• What do you want your audience to get out of it?
  • Make sure your social media goals are S.M.A.R.T. (Specific, Measurable, Attainable, Relevant & Time-bound)

Without setting clear and effective goals, you have no way of measuring the performance of your activity and return on investment of time and money.

This will also help you identify which social media platforms might best suit your business and filter out the ones that aren’t as relevant or appropriate for you.

Pro tip:

To get clear on your objectives and help keep it top of mind, write out a mission statement for each platform – a simple, one liner statement clearly outlining your specific goal for that platform. For example, for LinkedIn you might write: “I will use LinkedIn to grow my professional network, provide value add content and drive traffic to my website.”

Step 2: Know your audience

Next, as with your business strategy your social media strategy needs to clearly define your audience and your ideal customer.

It’s important to know your audience, where they spend time and hang out online, and what they want to see and engage with on social media.

Consider things like your audience’s:

  • Age, gender, and interests
  • Geographical location
  • Education and professional status

Building a customer profile will help you identify which platforms to be on and what content to create.

It may be tempting to set up accounts on all social media platforms, but not all of them will be relevant for your business or brand.

For example, despite its current popularity TikTok may not be a relevant fit for your business.  It’s heavily skewed to the young adolescent market (69% of TikTok’s users are 13-24 years old) and may not be where your audience is spending time.

Or perhaps the time and investment needed to effectively manage a Twitter profile isn’t worth the ROI for your brand – some research suggest that you need to post 7-10 times a day to be effective on Twitter, which might be perfect for a journalist or social or political commentator but too onerous for others.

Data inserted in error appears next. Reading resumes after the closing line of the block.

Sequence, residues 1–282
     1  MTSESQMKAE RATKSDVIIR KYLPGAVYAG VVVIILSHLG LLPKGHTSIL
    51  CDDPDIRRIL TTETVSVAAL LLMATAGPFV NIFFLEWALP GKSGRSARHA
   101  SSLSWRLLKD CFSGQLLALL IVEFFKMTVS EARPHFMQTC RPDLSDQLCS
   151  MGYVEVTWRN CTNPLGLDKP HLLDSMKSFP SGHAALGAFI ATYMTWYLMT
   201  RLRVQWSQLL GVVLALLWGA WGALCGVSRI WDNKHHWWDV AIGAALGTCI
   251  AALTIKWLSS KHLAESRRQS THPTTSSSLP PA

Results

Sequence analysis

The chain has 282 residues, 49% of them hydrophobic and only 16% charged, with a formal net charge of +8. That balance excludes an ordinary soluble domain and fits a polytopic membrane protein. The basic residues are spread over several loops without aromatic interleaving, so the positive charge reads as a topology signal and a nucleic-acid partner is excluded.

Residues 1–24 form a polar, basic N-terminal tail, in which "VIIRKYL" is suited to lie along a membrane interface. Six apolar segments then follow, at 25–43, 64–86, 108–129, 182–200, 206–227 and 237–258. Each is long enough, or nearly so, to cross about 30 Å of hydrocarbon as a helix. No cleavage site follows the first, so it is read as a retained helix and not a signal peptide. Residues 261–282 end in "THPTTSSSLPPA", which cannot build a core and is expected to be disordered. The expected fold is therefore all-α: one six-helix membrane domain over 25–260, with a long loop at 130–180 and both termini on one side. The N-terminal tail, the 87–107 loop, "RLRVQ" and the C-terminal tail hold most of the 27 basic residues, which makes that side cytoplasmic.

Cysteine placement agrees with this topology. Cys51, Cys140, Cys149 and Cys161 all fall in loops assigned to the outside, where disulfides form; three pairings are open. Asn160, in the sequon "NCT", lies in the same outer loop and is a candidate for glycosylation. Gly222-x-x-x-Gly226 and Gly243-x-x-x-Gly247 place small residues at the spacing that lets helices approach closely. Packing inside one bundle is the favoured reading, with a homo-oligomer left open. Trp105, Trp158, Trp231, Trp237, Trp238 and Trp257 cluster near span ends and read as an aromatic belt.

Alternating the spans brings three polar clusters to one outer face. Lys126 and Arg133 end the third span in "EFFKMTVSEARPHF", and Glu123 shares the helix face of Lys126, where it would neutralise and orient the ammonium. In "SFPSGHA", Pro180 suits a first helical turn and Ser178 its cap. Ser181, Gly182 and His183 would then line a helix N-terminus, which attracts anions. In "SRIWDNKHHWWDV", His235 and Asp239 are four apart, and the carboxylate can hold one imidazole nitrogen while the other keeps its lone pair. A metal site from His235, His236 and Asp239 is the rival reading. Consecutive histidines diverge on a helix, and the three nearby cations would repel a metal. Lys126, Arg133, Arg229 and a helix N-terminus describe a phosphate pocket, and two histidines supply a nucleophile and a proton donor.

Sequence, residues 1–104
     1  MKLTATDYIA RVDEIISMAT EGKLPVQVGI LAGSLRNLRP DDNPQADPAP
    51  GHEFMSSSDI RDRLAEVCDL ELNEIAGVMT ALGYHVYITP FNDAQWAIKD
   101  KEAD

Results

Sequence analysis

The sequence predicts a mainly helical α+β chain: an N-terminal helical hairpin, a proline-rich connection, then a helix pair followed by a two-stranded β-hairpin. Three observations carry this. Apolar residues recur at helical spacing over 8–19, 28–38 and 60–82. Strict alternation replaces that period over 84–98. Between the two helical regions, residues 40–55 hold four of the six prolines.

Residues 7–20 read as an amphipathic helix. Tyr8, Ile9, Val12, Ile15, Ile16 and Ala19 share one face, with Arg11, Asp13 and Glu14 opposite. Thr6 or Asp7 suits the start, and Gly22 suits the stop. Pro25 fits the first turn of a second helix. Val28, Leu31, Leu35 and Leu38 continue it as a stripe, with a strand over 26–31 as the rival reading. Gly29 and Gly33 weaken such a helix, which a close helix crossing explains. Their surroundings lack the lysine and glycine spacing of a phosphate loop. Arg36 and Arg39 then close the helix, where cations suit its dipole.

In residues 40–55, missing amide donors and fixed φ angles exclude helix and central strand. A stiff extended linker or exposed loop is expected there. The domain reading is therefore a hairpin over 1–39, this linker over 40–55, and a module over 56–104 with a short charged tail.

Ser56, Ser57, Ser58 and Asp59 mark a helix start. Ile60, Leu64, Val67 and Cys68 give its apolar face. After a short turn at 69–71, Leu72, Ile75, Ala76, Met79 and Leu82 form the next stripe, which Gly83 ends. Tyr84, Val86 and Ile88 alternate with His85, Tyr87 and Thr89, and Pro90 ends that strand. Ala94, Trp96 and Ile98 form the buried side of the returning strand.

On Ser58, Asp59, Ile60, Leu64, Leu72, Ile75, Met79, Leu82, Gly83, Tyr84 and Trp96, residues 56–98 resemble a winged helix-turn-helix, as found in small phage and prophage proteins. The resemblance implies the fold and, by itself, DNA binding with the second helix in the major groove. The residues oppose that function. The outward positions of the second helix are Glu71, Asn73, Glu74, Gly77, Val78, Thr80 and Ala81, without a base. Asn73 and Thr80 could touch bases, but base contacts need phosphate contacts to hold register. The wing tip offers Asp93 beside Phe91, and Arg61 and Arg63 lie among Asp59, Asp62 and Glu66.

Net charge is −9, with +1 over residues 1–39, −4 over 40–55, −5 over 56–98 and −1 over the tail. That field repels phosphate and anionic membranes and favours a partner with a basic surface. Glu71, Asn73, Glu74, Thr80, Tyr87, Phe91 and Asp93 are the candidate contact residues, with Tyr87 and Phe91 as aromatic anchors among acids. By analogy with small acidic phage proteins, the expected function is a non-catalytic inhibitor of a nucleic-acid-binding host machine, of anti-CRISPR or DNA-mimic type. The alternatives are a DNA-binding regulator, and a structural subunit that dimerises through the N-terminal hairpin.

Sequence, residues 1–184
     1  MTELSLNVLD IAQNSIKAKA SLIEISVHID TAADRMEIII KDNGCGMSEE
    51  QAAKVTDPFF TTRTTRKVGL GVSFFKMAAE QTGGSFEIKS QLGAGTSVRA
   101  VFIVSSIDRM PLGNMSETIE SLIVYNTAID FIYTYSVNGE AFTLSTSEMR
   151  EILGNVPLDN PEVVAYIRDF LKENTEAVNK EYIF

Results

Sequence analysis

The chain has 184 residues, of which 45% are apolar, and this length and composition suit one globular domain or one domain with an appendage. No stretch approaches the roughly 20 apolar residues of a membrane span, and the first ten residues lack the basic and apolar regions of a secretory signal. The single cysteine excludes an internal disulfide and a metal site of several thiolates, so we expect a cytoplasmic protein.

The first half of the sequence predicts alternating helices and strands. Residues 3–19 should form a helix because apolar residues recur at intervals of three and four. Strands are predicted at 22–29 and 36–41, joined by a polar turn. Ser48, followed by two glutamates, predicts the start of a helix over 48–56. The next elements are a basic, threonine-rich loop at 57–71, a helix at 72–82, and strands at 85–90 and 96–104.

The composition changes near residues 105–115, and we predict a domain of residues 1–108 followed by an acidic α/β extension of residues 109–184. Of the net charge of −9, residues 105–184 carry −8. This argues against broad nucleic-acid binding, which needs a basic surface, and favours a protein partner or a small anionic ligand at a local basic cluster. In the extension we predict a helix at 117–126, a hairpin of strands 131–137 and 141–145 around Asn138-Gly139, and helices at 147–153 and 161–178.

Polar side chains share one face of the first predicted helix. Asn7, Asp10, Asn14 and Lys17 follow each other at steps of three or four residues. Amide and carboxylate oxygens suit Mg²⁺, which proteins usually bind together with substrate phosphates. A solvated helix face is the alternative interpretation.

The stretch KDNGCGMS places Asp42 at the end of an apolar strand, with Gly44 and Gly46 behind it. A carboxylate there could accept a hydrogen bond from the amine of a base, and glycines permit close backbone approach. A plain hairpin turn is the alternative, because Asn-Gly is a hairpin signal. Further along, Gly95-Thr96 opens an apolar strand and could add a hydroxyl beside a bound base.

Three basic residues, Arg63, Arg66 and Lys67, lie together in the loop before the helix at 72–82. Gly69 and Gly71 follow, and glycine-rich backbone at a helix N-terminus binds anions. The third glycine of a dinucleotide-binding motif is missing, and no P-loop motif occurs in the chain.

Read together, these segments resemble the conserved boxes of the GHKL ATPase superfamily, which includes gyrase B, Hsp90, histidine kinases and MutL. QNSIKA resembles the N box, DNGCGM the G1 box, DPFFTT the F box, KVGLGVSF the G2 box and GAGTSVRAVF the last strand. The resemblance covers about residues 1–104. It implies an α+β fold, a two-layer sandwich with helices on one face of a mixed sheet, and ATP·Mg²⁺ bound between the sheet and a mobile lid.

Or, if you want to grow your audience and market in Asia then you may need explore WeChat.

It’s therefore important to gather and analyse data, and not make assumptions about where your audience is hanging out.

You may think that Facebook is a better network for Baby Boomers than Millennials – and you’re right in that it is fast growing amongst Baby Boomers, yet data shows that Millennials still outnumber Boomers on Facebook. It’s therefore important to know the data about who is using each platform and in what ways.

Once you have an established audience, check the analytics of your own profile to see who your followers are, where they live, what their interests are, how they interact with your brand, etc..

Creating a customer profile will also guide you on what content to create – as you’ll have a better idea of content that your audience will like, comment on, and share.

Pro tip:

You don’t have to be everything to everyone, and you don’t have to be on every platform. Remember each platform’s mission statement – if you can’t articulate a simple mission statement for the platform, then it may not be a good fit for your business.

Step 3: Know your competition

There is so much value in being authentic to your own brand and objectives and essentially staying in your own lane.

However, there are some advantages to being familiar with what your competitors are doing. This doesn’t mean you need to copy your competitors, but there can be opportunities to draw inspiration and even get clear about what you don’t want to do.

Pro tip: